11:52am Sunday 17 December 2017

Delayed introduction to gluten appears not to prevent celiac disease in at-risk infants

How can parents with the autoimmune disorder celiac disease prevent or delay the condition’s development in their children? The results of an international study led by investigators associated with the Center for Celiac Research and Treatment at MassGeneral Hospital for Children (MGHfC) challenge some of the current thinking on possible measures to take. The report in the Oct. 2 New England Journal of Medicine finds that loss of tolerance to gluten – a protein composite found in wheat, rye and barley – is a dynamic process and that neither breastfeeding nor delaying the introduction of gluten-containing foods provides significant protection against the disorder.

“One of our most important findings was that the timing of gluten introduction – whether early or late in the first year of life – made no difference to the subsequent development of celiac disease,” says Carlo Catassi, MD, co-director of the Center for Celiac Research and Treatment and principal investigator of the study. “While earlier studies led to the hypothesis that there was a time window, between 4 and 7 months of age, during which gluten could safely be introduced to at-risk children, our results indicate we can tell mother not to worry so much about when they introduce gluten into their children’s diet.”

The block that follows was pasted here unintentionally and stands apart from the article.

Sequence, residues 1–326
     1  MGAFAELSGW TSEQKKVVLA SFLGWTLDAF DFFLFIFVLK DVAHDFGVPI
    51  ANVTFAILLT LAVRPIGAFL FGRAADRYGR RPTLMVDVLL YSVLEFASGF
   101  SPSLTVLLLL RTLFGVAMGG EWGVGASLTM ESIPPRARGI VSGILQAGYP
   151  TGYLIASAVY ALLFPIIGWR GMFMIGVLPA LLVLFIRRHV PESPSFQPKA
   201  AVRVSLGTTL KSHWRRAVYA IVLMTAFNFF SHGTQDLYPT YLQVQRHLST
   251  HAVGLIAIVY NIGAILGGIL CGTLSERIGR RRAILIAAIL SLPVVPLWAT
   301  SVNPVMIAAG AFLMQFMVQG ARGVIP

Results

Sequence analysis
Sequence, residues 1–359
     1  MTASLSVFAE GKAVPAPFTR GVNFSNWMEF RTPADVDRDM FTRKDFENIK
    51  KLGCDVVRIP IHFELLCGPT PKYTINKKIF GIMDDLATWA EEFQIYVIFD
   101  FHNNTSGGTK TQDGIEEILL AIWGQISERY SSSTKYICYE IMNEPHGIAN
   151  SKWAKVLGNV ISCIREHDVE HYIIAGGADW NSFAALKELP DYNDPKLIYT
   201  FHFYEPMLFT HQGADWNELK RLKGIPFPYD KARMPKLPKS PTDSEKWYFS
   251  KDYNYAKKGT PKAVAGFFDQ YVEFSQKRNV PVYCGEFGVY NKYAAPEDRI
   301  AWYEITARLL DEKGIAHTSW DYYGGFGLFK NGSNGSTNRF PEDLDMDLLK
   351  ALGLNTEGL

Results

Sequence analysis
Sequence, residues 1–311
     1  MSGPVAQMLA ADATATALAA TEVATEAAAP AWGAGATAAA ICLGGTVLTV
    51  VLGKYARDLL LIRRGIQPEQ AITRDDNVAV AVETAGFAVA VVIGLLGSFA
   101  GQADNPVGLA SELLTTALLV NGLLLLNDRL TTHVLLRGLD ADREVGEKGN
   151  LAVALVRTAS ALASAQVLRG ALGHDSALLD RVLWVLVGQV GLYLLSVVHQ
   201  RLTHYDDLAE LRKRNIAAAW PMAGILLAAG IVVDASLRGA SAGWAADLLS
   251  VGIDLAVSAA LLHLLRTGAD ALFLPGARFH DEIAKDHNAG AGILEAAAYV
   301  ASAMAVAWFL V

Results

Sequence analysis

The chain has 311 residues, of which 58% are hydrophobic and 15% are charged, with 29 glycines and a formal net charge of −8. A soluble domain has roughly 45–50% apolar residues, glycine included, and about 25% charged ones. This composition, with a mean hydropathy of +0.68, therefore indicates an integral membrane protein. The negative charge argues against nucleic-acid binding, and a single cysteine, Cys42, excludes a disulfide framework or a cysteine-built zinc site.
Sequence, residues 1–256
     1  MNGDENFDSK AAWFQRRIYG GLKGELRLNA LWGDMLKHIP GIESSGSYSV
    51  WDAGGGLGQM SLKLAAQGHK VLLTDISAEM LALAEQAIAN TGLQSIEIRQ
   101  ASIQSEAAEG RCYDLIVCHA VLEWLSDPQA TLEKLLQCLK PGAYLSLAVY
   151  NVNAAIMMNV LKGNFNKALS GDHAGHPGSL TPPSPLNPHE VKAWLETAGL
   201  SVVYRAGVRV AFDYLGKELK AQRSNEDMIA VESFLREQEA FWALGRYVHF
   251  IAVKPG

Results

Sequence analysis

Alessio Fasano, MD, PhD, director of the Center for Celiac Research and Treatment and a co-author of the NEJM report adds, “Of the several factors we studied, it’s very clear that genetic background is by far the most important in determining which infants will develop this autoimmune condition. We were particularly surprised that breastfeeding at any age provided no protective effect.”

Between 2003 and 2008 the investigation – the Italian Baby Study on Weaning and CD Risk – enrolled more than 700 infants considered to be at risk because of the presence of celiac disease in a first-degree relative – a parent or sibling. Participants at 20 centers in Italy were randomly assigned to two groups, the first of which was introduced to gluten-containing foods at 6 months of age and the second, at 12 months. The children’s mothers provided information on their child’s diet – including amount of gluten ingested – intestinal infections, breastfeeding and other factors thought to have an effect on celiac risk. Participants were followed for at least five years, during which they were periodically tested for the presence of immune system factors indicating gluten-associated autoimmune reactions. If signs of autoimmunity were detected, intestinal biopsies were conducted to determine whether or not celiac disease had developed.

While a greater percentage of infants who had been introduced to gluten at 6 months had evidence of possible celiac disease at the two-year follow up, there was little difference between the two groups by five years. Overall, 64 children in the early-introduction group developed celiac disease, while 53 in the late-introduction group did so, a difference not considered to be statistically significant. The only factor that the study found to increase risk was inheriting versions of the immune system’s HLA molecules, which flag antigens for immune system attack, that are known to be associated with celiac disease and other autoimmune disorders.